Haircare can be frustrating no matter which way you slice it—especially when it comes to shampoo, which is not a one-size-fits-all kind of thing. Do you splurge on the designer line your salon keeps trying to pedal at the end of your appointments, or is a drugstore brand sufficient? Do these fancy-sounding ingredients that brands are trying to entice you with actually do you any additional good?
To help you navigate the countless formulas (for instance, you wouldn’t want to waste money on something designed to cut through oil when your hair has never been dryer in your life!), we chatted with people who really know hair, from stylists to trichologists.
So if it comes down to needing a little more TLC for your ‘do, here are the most important ingredients to look out for in drugstore shampoos and the best brands that include them, according to the experts.
The Best Shampoo Ingredients: What To Look For and What To Avoid
The good news is that everyone’s hair has the same basic necessities: hydration and moisture. The shampoo—and conditioner—you choose serves as the foundation for your haircare routine. “You’re going to want a product that will open the cuticle, remove product buildup, and rehydrate,” Carissa Clearwater, owner of Rat’s Nest, a salon based in Worcester, Massachusetts, tells Mental Floss. If you’ve chosen a good foundation and are still noticing issues that need to be addressed, that’s when you’d want to start looking into additional products to help treat it, according to Clearwater.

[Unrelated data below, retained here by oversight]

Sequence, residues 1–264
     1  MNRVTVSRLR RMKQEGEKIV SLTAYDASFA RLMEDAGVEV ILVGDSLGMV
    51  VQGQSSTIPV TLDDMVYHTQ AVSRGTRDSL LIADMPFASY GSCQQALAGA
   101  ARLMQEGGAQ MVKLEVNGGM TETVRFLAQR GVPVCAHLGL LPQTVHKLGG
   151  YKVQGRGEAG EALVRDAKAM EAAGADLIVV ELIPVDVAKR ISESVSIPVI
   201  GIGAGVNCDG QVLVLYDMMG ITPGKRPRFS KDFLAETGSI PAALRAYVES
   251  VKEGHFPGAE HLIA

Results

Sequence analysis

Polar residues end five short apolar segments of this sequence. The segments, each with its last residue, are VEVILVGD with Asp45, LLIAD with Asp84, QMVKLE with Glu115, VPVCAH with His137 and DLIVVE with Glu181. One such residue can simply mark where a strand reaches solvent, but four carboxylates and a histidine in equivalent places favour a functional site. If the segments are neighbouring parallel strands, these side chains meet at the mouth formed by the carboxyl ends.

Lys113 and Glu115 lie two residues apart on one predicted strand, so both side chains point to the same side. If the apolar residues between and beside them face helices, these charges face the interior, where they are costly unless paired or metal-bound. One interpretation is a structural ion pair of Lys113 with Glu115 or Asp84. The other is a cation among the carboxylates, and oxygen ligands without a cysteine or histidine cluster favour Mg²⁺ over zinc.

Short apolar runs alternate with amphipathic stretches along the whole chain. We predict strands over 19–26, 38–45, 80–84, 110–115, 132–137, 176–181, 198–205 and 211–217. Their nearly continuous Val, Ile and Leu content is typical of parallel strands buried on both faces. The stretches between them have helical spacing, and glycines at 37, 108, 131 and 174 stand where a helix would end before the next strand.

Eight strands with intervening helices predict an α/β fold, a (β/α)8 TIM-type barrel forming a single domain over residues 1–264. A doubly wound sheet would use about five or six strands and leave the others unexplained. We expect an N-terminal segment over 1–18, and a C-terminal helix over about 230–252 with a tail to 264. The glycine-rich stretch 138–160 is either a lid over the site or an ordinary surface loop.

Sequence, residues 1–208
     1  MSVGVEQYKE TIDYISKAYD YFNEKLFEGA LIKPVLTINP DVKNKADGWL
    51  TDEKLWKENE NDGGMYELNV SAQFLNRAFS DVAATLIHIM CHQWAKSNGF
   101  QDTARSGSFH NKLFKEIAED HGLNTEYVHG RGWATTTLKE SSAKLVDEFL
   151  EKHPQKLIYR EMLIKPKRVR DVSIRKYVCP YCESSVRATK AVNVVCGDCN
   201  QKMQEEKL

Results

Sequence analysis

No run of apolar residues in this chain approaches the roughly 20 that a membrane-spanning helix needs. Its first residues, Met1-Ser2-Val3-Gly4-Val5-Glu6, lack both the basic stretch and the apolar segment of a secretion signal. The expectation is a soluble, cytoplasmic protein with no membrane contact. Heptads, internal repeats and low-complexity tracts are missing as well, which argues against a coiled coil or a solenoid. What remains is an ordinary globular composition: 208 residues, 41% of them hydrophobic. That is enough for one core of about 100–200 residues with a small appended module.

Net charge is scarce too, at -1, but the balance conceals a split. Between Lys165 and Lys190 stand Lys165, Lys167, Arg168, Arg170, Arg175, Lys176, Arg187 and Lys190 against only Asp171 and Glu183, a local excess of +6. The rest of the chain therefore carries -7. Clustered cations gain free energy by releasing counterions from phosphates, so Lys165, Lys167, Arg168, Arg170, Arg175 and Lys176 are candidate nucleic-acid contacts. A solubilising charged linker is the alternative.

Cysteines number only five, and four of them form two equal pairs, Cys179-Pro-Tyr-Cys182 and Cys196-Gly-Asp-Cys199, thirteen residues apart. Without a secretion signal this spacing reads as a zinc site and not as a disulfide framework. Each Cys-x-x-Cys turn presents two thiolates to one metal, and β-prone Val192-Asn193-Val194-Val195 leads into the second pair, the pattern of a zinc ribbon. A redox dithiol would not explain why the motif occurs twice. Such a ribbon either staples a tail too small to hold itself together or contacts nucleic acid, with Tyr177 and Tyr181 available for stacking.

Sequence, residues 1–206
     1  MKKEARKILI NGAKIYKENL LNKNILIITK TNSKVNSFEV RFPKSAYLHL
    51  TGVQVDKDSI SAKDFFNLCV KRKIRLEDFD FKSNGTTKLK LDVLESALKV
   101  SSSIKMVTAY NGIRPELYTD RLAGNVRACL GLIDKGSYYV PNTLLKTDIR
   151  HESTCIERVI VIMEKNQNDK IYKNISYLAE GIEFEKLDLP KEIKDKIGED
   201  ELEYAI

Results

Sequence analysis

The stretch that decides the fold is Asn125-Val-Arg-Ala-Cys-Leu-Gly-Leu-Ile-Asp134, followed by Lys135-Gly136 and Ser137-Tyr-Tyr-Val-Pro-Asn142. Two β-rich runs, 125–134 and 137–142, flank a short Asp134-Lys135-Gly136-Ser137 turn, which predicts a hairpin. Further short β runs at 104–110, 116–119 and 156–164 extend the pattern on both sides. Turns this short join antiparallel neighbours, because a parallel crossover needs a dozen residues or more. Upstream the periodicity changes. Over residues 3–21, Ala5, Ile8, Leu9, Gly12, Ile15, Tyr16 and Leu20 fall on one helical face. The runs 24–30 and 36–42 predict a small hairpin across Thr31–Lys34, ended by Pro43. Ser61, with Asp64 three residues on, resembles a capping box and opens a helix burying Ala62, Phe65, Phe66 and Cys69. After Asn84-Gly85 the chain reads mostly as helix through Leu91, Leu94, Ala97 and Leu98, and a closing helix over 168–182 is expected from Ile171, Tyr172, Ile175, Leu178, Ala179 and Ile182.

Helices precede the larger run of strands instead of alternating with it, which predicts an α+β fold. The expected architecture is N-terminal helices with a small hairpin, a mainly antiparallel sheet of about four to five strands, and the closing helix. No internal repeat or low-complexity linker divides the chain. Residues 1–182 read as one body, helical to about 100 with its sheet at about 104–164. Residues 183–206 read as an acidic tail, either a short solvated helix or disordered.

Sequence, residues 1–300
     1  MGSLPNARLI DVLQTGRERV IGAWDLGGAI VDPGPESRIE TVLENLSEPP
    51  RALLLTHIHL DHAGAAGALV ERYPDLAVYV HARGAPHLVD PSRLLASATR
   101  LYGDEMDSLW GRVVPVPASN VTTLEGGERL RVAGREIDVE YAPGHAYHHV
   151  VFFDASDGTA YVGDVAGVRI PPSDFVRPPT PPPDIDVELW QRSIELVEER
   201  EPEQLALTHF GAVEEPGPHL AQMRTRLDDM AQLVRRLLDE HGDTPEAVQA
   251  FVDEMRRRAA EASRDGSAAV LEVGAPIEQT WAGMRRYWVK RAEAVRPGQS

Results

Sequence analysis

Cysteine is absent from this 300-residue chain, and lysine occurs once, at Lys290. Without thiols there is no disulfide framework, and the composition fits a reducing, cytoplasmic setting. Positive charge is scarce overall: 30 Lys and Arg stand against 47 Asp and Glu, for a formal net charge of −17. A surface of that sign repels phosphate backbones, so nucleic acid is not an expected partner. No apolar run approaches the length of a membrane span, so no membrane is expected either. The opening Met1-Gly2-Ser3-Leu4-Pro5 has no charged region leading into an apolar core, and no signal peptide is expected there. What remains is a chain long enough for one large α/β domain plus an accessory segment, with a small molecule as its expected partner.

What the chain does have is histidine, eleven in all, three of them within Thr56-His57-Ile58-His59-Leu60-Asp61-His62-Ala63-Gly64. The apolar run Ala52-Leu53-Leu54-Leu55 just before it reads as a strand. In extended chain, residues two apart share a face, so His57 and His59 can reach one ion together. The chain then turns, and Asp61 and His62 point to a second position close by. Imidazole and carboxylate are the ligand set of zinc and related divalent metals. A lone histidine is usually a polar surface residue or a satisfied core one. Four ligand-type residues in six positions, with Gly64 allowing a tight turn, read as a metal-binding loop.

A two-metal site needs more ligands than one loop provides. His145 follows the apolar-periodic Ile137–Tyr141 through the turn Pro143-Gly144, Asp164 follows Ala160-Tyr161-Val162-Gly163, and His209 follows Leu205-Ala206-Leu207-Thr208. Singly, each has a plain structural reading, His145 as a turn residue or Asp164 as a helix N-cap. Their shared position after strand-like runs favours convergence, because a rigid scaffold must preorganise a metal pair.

Kerry Yates, founder of Colour Collective and a trichologist (a.k.a., someone well-versed in the science of hair, including its structure, function, and the diseases that can impact both human hair and scalps) points to a few “up-and-coming super ingredients” that could be helpful to look for when it comes to caring for your hair. She suggests the following:
- Black cohosh, or Actaea racemosa, which Yates claims is a “brilliant sebum regulator [and] natural anti-inflammatory.”
- Chufa (or tiger nut) milk, also known as Spanish horchata, which is a “natural moisturizer [that] contains amino acids to help rebuild and nourish the hair.”
- Neem, or Azadirachta indica, which is a “natural anti-inflammatory and anti-bacterial [with a] soothing astringent [that] make[s] the perfect scalp tonic.”
But just as important as finding the right ingredients is making sure you’re avoiding the wrong ones. Clearwater says that no matter what your hair type is, the following should be nixed from your hair’s regimen:
- silicons that are not water soluble
- heavy/raw oils that don’t absorb into the hair (like coconut oil)